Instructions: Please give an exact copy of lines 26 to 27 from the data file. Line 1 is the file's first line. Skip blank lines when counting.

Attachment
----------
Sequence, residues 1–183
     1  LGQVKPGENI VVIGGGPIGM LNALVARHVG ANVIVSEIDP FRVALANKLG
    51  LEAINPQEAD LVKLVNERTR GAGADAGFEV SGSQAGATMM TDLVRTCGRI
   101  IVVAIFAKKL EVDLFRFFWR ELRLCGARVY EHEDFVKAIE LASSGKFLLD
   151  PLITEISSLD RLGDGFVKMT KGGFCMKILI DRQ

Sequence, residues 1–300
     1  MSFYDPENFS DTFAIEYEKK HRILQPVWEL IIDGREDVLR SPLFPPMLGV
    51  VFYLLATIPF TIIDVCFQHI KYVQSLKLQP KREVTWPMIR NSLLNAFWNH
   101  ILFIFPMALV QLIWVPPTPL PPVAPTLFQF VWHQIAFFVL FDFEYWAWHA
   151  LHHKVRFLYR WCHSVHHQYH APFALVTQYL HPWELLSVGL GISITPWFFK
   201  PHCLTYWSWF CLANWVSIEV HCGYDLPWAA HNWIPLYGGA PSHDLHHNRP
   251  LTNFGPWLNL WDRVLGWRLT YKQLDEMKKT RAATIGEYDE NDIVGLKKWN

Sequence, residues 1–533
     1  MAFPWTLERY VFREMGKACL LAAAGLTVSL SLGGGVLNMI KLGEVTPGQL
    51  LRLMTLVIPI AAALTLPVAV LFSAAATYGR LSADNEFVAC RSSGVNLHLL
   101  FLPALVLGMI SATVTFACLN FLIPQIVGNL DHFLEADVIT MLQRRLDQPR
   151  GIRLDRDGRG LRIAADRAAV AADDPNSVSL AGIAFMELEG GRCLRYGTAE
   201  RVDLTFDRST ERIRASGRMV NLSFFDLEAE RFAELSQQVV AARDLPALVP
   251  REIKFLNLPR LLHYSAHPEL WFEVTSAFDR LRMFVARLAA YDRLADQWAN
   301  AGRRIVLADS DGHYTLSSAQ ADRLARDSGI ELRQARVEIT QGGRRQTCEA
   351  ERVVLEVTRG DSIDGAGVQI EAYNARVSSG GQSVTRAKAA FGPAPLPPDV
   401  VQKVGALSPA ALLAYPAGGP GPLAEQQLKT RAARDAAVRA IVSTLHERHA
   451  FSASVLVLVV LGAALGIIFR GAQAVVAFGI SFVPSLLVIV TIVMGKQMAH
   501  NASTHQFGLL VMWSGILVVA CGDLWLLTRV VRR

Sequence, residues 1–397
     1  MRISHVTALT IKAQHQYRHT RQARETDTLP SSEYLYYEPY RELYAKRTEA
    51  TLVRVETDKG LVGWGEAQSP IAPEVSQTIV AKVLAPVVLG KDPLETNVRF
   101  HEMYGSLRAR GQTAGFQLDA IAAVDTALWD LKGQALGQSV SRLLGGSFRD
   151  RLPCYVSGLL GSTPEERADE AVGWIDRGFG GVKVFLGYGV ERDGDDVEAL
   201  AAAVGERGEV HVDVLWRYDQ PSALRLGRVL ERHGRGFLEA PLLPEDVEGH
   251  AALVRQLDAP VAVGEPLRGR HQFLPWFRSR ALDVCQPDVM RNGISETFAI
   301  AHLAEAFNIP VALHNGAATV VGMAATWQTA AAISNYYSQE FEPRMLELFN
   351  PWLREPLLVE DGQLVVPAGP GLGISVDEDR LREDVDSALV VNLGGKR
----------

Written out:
     1  MRISHVTALT IKAQHQYRHT RQARETDTLP SSEYLYYEPY RELYAKRTEA
    51  TLVRVETDKG LVGWGEAQSP IAPEVSQTIV AKVLAPVVLG KDPLETNVRF